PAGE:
When it comes to behavioural problems in schools, teachers and parents often look for emotional or social causes. However, sometimes bad behaviour in the classroom is down to a physical issue like poor vision. If you feel like your child's teacher never stops raising behaviour complaints, it could be time for a children's eye examination. Here are 3 classroom conduct problems to look out for.
Being Disruptive During Lessons
Does your child talk too much in class? Has their teacher complained that they frequently interrupt others, fidget, or act in ways that distract their classmates and put the lesson on hold? While such problems are often attributed to a lack of discipline or a neurodevelopmental disorder like ADHD, they can also be caused by poor vision. Children with healthy vision find it easy to get on with their work because electrical impulses in the brain tell it to focus on the activity it's looking at. Children who struggle to see don't get this same input, which makes it a lot harder for them to pay attention. For children with eye problems, focusing on class work can range from laborious and boring to difficult or almost impossible. Instead of getting on with learning, such children may be disruptive in class to fill time or to distract themselves from the visual issues they're having.
Struggling to Get On With Others
Some children with vision problems also have difficulty getting on with others in the classroom. This may manifest as refusal to talk to or work with classmates or even as arguments with and aggression towards other children and teachers. This is often caused by an inability to see well enough to recognise the facial expressions and emotional cues that govern conversation. Failure to make friends or bond with teachers can also come as a result of a child putting too much energy into trying to discern their surroundings and not enough into talking and listening. When anger and aggression is at play, the cause is usually the frustration that comes with not being able to see well.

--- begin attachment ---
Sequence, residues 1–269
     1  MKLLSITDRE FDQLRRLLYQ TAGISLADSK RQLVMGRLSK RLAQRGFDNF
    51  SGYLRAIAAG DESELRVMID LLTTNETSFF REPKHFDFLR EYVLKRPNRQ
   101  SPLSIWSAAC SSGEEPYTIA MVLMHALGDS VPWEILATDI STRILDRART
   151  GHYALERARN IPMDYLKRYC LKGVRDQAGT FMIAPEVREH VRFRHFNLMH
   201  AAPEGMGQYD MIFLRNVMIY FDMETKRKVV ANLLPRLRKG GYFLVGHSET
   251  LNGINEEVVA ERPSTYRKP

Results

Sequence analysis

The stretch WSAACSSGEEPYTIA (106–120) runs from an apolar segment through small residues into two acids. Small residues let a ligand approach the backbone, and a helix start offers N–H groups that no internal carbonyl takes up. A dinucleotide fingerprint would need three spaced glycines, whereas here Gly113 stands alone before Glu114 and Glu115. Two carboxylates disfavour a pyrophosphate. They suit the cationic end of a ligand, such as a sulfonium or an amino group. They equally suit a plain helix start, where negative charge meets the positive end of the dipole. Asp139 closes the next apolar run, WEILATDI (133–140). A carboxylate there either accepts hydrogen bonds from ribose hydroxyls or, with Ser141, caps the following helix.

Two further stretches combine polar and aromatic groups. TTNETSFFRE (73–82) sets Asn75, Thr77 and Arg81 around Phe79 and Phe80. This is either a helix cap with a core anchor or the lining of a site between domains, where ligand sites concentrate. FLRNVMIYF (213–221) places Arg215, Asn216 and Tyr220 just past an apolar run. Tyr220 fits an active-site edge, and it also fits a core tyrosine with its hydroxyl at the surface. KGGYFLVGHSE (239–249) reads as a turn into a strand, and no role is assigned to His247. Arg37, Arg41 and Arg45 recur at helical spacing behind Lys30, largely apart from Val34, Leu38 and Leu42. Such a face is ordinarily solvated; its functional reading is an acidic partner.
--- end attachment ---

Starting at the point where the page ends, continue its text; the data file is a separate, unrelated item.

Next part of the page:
Failing to Complete Work
Consistently incomplete work is one of the biggest signs that your child needs to see an optometrist given that there are many potential causes that relate to vision. One reason, as mentioned about, is that the child struggles to focus on work due to strained visual input. This can make reading and writing take longer or interfere with your child's ability to understand the information presented to them. These students may also lose track of what they're writing halfway through the task; the time they spend trying to reread their work and figure out where they are is time taken away from finishing the activities. In addition, some children with visual difficulties tend to lose things like pens and worksheets frequently. Teachers may assume the child is naughty and losing things on purpose, but it's easy to misplace such small items when you can't see well. Finally, embarrassment can also be a major cause of unfinished work. Children may feel ashamed of having poor handwriting due to visual difficulties, or they might be worried about getting answers wrong if they can't read the instructions properly.